2023 Year Enders, Features, Film

YEAR ENDER: Kyle Amato’s Top Ten Films of 2023

Tired artists, European narcissists, and ninja turtles.


Kyle Amato is the calendar editor for Boston Hassle. He has been a staff writer since 2016.

Before I go into film criticism hibernation and remerge just in time for Madame Web, I figured I could share my top ten films of 2023, a truly spectacular year for cinema. My full film watching breakdown is on my Medium page, full of too many horrors to take up Hassle bandwidth. Here’s to the new year!

10. Afire dir. Christian Petzold

Just a classic bad vacation picture, more German than you could comprehend. Who can’t sympathize with a writer being a huge asshole to his friends and refusing to take his shirt off at the beach? The film swings back and forth between humor and pathos faster than the fire spreading through the forest. I plan to dive further into Petzold’s filmography this year.

9. The Holdovers dir. Alexander Payne

We used to get dozens of these kinds of movies every year: a movie about human beings in minor key, a great script, great actors, great everything. Does not reinvent the wheel; brings forth an older model. This can be the standard again! Plus, Giamatti’s weird eye switches every scene and it gets funnier every time.

8. Teenage Mutant Ninja Turtles: Mutant Mayhem dir. Jeff Rowe

This one took me entirely by surprise, as someone who has always regarded the Ninja Turtles as “ridiculous” and “far beyond their expiration date.” Two key factors set Mutant Mayhem apart for me: the animation has actual art direction, making everyone look lumpy and ugly and cool, and the turtles are voiced by actual kids and not adults putting on airs. It’s just a blast, a new incarnation of these characters that could actually keep my interest.

7. Passages dir. Ira Sachs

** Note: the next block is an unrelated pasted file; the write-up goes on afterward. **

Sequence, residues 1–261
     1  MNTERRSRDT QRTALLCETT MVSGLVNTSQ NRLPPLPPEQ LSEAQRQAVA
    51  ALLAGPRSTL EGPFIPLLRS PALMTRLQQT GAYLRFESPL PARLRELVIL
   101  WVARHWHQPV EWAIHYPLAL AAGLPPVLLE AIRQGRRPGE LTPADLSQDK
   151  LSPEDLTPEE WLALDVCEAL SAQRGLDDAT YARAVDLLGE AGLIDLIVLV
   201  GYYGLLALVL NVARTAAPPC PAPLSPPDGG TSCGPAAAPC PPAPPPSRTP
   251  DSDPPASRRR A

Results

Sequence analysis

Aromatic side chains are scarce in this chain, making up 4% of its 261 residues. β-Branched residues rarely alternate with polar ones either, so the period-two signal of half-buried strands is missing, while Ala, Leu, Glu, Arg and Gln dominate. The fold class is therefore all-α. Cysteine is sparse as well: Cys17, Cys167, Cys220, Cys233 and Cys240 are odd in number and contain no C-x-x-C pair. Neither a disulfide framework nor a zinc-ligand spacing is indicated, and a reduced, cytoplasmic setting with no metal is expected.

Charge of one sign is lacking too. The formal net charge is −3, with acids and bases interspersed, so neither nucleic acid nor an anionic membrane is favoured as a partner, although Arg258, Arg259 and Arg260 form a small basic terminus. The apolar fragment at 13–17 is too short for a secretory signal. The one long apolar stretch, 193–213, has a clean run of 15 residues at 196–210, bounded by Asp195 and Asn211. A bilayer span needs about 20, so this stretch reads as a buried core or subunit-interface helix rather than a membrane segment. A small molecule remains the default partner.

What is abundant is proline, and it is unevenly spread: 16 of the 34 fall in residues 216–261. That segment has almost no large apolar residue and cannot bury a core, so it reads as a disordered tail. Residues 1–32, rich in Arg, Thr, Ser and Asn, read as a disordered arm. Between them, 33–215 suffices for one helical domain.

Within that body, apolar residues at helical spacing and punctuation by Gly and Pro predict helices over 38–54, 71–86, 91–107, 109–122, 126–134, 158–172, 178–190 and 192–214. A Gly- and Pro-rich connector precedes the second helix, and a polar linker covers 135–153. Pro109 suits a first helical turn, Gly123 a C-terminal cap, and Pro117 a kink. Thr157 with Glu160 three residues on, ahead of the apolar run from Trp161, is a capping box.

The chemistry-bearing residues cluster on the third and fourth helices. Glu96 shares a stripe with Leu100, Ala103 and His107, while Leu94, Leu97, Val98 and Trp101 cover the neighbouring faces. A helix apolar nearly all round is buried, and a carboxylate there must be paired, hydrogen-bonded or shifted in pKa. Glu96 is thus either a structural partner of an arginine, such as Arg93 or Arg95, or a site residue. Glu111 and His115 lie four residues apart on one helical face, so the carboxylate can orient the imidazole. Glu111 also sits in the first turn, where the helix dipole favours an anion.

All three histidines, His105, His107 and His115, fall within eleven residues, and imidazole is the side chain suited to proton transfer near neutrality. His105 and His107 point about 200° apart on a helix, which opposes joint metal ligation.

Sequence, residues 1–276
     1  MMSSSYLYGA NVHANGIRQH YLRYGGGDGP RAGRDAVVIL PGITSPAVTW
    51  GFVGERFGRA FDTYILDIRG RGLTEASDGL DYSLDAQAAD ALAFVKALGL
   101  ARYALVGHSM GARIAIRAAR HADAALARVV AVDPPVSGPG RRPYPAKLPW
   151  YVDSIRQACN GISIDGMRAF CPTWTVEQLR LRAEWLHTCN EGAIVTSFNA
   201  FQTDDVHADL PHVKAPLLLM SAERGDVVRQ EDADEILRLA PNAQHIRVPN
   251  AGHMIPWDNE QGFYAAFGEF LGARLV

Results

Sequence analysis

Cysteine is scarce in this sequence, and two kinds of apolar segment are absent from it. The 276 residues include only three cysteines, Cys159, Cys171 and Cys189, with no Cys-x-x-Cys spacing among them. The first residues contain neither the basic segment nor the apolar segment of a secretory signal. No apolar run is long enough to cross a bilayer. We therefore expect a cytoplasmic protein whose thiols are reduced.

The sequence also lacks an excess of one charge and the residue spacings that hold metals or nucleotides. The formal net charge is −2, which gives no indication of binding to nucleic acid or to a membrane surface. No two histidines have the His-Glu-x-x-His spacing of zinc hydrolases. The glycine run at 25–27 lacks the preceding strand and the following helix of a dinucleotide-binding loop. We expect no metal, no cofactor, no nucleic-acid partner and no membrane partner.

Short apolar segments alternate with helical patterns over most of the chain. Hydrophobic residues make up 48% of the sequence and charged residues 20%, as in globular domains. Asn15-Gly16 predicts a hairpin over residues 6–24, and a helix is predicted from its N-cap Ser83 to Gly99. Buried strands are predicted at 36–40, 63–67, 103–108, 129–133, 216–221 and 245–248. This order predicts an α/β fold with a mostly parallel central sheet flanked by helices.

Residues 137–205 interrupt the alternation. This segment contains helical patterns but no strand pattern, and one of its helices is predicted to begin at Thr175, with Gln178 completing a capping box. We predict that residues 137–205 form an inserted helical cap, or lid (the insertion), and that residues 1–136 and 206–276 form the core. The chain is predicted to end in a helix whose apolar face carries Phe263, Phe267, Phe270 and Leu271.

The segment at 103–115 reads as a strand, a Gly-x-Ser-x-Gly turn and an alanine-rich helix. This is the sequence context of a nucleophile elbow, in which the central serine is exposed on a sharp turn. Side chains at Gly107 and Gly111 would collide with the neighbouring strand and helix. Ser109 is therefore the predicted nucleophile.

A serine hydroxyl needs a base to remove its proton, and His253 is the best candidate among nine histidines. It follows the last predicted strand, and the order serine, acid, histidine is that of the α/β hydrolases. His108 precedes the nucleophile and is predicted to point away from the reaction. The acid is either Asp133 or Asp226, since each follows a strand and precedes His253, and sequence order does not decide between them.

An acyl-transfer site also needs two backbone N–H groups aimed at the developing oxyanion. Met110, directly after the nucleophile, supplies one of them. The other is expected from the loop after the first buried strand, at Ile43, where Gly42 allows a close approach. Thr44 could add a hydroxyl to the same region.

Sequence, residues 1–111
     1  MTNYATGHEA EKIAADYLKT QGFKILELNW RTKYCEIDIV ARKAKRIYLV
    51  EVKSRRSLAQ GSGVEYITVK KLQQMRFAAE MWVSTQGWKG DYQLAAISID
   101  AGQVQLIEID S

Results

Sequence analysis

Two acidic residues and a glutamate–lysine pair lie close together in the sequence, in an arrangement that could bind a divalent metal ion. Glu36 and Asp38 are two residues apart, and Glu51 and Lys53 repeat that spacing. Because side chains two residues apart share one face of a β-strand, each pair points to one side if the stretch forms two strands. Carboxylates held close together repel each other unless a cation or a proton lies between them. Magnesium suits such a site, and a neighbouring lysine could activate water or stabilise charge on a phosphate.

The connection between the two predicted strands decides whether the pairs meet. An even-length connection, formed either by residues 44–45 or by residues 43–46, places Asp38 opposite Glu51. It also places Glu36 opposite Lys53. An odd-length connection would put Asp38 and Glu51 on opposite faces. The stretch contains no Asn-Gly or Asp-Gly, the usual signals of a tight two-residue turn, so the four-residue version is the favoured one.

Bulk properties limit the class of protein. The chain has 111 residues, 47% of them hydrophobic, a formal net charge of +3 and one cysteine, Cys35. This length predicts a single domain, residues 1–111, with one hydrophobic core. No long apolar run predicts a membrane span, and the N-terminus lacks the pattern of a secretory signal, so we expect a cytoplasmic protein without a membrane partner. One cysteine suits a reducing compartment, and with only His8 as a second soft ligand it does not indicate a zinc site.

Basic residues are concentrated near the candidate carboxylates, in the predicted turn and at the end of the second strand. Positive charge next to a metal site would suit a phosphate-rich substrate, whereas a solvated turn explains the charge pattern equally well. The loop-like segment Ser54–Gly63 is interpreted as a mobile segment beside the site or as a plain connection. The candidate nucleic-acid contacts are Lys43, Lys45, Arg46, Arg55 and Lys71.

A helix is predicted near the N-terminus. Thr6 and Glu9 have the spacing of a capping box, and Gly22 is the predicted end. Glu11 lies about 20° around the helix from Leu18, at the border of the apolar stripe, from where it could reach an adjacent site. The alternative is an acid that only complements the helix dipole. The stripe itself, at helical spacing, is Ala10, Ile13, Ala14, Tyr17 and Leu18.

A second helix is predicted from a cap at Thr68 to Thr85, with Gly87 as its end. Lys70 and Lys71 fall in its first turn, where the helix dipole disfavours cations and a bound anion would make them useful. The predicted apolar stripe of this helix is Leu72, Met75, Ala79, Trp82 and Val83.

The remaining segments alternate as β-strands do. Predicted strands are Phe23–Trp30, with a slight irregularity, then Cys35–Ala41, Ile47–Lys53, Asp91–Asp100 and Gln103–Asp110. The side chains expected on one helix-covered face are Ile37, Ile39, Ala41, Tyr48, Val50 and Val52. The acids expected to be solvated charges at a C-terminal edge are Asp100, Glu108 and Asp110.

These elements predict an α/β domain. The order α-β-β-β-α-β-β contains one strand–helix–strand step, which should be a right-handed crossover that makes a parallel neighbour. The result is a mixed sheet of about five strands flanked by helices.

Been singing the praises of this one all year – taut, mean, funny, sexy, everything a good movie should be. I can watch any good movie about a cruel homosexual and my first thought will be “Wow, a gay movie that’s not about coming out! Yay!”

6. La Chimera dir. Alice Rohrwacher

To quote myself: “This is a film about a ragtag gang of Italian graverobbers led by a moody Englishman who is kind of scamming a kooky old woman while he uses his innate gift to sense hidden tombs and pines for his lost love.” The facts of the matter have not changed. Begging Neon to give this the proper release it deserves in the spring – the people need to see Josh O’Connor in that linen suit!

5. Showing Up dir. Kelly Reichardt

What, you’re surprised I loved the movie about a tired artist who keeps having to deal with bullshit when she just wants to make art? While Michelle Williams does great work as always as an unkind but not cruel person, Hong Chau really goes off as her friend and landlord and more successful artist. Just a wonderful sendup of art culture, productivity, and family drama.  A24’s 4K release is also one of the best releases of the year.

4. Asteroid City dir. Wes Anderson

You can’t wake up if you don’t fall asleep! He’s talking to me, someone who left the first screening of this film somewhat perplexed then started crying instantaneously when seeing it a second time. Something about this one really tickled my brain, the levels of artifice collapsing and leaving up with broken, scared people going through it. Wes’ arch humor shines in the desert setting, every actor grateful to be there and making a meal of it. Just when I thought I was out, he pulls me back in!

3. Killers of the Flower Moon dir. Martin Scorsese

What else is there to say but that the greatest director of all time gifted us another American masterpiece about the country’s sick and bleeding soul? Lily Gladstone is mere months out from an Oscar win, deservedly so. Leo is just as spectacular, as is De Niro as “Satan.” It’s a horrifying story to witness, but somehow a 3.5 hour film about genocide never drags.When I started to drift off the tiniest bit, a house explodes. The man knows what he’s doing.

2. The Boy and the Heron dir. Hayao Miyazaki

I can’t babble on about this movie any more than I already have. It’s only grown in my estimation since I saw it at TIFF. Strange, abrasive, entrancing, The Boy and the Heron finds Miyazaki reaching another level entirely. While it’s not his masterpiece, there is just something about this movie that cannot be denied. Maybe it’s just the nasty heron man.

1. May December dir. Todd Haynes

The funniest and most nauseating film of the year. Perfect script, perfect performances, unbelievable jokes. Haynes turns his lens on straight people once more to examine their total insanity. He is a master. It’s such a relief to see Julianne Moore in a real movie again. Every moment counts. I will watch this movie forever. Just one stupid actress coming into a deranged family’s life, upending everything without even realizing she’s doing it. Plus, it’s a 2015 period piece, an era we’re going to be examining for years to come.

Watch this space for the rest of the Hassle staff’s year-end countdowns!

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